Investigating Interactive Theatre as Faculty Development for Diversity
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Investigating Interactive Theatre as Faculty Development for Diversity

Introduction

The scene: A seminar on audience response at an American Society for Theatre Research conference. One of the authors of this article, having discovered that every paper in the seminar relied solely on theory, innocently raised the question, “Why not ask the audience how they actually responded to the performance?”—thus triggering the hostile response, “Social science research is worthless! You can make numbers say anything you want them to say!”

Overviews of research into drama education in K–12 education discuss negative attitudes toward applying social science research methods to performance as a possible cause for the scarcity of well-designed studies, which are even more scarce in higher education. Taylor suggests that “[d]rama educators may have unwittingly contributed to a distrust of research given their own value-laden prejudices about what researchers do and the meaningful application of research in practice” (x). Jackson argues that social science research into educational drama “has been not just minimal, but actually resisted. . . . [T]here has also been a FEAR OF RESEARCH” (35).1

The following article presents our analysis of audience reactions to an interactive theatre (IT) project intended to raise faculty awareness of multicultural dimensions of teaching. Through sharing our study, we hope to demonstrate that engaging in social science research on audience response may help theatre educators to generate ideas, hypotheses, and suggestions for practice. Our research method is grounded theory, a qualitative social science approach in which the data to be analyzed are texts rather than numbers. Through focus groups and follow-up e-mail surveys, we asked audience members to tell us how they reacted to the performance.2 Only after using grounded theory to analyze these reactions did we interpret our findings through two different theoretical lenses, self-efficacy theory and critical race theory.

Project Background: Why Perform Interactive Theatre on Multicultural Issues in Higher Education and Why Research Audience Response?

From 2003 to 2006, the University of Missouri (MU) participated in a multi-campus program sponsored by the Carnegie Academy for the Scholarship of Teaching and Learning. MU joined the “cluster” of campuses headed by the University of Michigan, whose Center for Research on Learning and Teaching (CRLT) has housed an IT program since 2000.3 Michigan’s cluster shared an interest in encouraging faculty to engage with cultural differences in their classrooms.4 MU’s interdisciplinary campus team also wanted to learn how to implement IT, using CRLT’s program as a model.5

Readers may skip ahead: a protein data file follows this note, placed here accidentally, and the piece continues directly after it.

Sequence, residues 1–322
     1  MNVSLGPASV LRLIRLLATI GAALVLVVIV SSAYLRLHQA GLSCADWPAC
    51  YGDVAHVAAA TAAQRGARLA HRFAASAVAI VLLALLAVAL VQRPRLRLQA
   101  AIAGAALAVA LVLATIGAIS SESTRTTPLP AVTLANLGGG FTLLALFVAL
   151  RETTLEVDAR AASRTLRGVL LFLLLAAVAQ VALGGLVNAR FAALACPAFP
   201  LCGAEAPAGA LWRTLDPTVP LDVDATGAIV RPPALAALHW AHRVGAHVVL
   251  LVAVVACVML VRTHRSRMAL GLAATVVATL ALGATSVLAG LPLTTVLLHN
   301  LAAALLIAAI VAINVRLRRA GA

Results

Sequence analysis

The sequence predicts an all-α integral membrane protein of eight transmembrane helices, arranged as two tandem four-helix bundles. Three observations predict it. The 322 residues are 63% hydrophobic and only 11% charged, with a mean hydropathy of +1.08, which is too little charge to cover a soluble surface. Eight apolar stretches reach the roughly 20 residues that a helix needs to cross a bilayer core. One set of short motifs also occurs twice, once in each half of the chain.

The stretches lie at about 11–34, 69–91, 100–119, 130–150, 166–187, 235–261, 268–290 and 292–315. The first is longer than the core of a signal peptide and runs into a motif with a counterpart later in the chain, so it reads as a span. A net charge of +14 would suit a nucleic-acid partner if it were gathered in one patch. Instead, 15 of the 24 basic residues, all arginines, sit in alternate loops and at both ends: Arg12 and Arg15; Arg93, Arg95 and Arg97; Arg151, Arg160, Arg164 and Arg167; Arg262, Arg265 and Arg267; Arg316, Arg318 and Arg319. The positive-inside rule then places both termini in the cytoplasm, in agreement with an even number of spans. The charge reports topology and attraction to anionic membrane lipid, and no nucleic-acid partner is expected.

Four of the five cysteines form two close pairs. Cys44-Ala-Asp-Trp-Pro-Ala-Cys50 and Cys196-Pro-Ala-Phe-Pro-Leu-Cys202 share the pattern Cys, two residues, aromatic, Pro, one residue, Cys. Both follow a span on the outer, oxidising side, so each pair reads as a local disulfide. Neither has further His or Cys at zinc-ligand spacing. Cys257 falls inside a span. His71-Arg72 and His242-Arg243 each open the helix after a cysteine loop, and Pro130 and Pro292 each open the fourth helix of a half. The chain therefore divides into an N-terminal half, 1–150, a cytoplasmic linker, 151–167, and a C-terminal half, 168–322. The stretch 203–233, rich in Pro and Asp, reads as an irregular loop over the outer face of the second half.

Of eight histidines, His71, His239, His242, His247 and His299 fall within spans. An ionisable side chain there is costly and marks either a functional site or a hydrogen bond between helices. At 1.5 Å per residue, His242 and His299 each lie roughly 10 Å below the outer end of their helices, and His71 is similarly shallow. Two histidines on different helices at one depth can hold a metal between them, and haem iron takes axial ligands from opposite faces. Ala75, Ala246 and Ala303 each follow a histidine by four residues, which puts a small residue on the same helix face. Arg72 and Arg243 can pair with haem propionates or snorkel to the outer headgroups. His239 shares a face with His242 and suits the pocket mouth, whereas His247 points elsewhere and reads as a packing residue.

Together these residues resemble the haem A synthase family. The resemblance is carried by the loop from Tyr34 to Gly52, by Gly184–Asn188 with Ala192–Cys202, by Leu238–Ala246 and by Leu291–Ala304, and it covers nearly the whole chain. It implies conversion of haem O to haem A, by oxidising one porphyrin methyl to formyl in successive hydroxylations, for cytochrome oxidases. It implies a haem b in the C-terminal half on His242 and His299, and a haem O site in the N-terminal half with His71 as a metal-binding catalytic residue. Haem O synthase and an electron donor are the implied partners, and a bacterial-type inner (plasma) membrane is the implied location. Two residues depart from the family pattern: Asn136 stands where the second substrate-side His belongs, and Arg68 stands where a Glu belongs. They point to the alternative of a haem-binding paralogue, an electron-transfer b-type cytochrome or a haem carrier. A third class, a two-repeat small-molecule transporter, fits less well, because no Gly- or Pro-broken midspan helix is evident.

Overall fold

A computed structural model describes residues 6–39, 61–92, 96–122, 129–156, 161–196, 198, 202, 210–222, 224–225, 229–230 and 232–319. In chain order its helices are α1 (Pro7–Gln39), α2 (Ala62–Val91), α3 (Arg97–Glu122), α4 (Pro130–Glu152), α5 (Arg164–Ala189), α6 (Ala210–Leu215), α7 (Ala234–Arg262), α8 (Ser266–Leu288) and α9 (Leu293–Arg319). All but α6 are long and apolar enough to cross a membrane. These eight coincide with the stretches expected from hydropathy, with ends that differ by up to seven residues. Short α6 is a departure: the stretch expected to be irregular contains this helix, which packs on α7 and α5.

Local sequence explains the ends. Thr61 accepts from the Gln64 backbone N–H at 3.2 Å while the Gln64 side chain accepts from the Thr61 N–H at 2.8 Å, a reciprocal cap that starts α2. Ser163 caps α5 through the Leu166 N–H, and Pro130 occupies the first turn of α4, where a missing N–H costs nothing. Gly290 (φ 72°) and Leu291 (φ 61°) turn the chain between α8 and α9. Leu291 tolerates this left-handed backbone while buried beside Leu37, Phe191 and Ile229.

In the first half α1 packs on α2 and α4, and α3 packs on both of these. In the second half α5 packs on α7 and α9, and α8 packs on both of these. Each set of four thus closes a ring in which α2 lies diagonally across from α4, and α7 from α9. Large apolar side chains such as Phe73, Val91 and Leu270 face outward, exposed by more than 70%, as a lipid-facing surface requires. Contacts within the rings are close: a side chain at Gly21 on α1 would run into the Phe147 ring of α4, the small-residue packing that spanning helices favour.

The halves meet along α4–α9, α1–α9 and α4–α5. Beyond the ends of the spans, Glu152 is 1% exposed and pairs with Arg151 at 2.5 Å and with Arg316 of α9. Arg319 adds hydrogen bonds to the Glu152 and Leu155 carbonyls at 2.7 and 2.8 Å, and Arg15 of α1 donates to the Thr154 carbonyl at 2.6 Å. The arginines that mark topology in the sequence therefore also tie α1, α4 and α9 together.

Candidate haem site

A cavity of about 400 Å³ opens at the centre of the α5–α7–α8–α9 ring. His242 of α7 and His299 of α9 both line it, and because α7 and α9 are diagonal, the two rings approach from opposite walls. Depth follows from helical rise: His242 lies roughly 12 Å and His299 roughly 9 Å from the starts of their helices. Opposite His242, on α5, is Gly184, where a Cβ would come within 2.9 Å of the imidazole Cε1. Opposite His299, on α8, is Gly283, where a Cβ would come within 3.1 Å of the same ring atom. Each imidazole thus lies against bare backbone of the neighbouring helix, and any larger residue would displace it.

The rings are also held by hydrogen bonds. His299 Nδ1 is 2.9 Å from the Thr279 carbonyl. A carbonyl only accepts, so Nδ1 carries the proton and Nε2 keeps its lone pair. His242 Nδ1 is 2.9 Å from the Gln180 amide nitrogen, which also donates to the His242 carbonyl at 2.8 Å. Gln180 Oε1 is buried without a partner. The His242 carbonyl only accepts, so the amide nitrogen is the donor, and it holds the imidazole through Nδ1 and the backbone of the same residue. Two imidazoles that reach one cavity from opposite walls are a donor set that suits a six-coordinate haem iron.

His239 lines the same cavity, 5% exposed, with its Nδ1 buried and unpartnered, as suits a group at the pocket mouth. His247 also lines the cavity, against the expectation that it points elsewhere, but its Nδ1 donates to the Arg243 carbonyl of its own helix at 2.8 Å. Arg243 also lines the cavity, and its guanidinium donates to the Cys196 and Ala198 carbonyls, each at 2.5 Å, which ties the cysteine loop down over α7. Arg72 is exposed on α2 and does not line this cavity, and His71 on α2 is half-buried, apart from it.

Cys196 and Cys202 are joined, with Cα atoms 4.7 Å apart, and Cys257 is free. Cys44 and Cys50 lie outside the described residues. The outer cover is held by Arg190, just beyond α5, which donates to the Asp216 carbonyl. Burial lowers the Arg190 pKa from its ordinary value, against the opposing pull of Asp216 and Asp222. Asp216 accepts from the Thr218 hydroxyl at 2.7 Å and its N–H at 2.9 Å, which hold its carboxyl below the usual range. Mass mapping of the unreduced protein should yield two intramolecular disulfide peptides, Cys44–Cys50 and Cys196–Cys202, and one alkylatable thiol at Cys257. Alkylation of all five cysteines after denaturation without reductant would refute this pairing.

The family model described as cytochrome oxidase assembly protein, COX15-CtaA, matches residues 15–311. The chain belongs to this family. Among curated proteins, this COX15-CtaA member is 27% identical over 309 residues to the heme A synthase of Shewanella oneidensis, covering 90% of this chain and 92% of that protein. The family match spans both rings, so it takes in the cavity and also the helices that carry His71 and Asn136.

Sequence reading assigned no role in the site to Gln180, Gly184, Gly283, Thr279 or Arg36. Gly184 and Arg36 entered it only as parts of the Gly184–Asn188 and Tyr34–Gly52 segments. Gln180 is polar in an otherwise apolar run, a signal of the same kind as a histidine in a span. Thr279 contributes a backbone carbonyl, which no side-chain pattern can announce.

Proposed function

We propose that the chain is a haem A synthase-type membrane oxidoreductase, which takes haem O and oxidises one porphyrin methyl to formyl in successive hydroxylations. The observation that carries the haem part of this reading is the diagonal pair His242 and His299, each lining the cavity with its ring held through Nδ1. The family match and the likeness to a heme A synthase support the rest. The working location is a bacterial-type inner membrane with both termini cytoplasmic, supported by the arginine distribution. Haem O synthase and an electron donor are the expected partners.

CRLT’s IT methods draw upon Theatre of the Oppressed (TO), founded by Augusto Boal and based on Paolo Freire’s Pedagogy of the Oppressed theory. According to Brazilian theatre educator [End Page 107] and activist Boal, theatre’s tradition of monologue, directed from stage to audience, serves to silence and oppress popular audiences. Boal argues for theatrical forms that break down the separation between stage and audience, changing monologue into dialogue. The spectator becomes “spect-actor,” as audience members are invited onstage. In one TO technique, Forum Theatre, actors create and present short scenes that represent problems within a community. Spect-actors participate by calling “stop,” replacing an actor, and trying out multiple solutions. Actors and spect-actors join in dialogue about the solutions and their outcomes. Eliminating the distance between stage and audience stimulates audience members to imagine change, practice change, reflect on action, and thus become empowered to generate change in their communities (Boal).

CRLT’s theatre program has developed interactive performances, based on research findings, “to engage faculty and graduate students in discussions of multicultural teaching and learning and institutional climate.”6 In the only published report on this program to date, Kaplan, Cook, and Steiger present strong claims that the program works, evidence for those claims, and explanations based on current learning theories. Because their report was published in Change, a magazine that informs higher educators about progressive practices through short articles, the authors lacked space to elaborate on their theoretical perspectives or research methods. One of the goals of our campus project was to advance the IT research agenda by applying...


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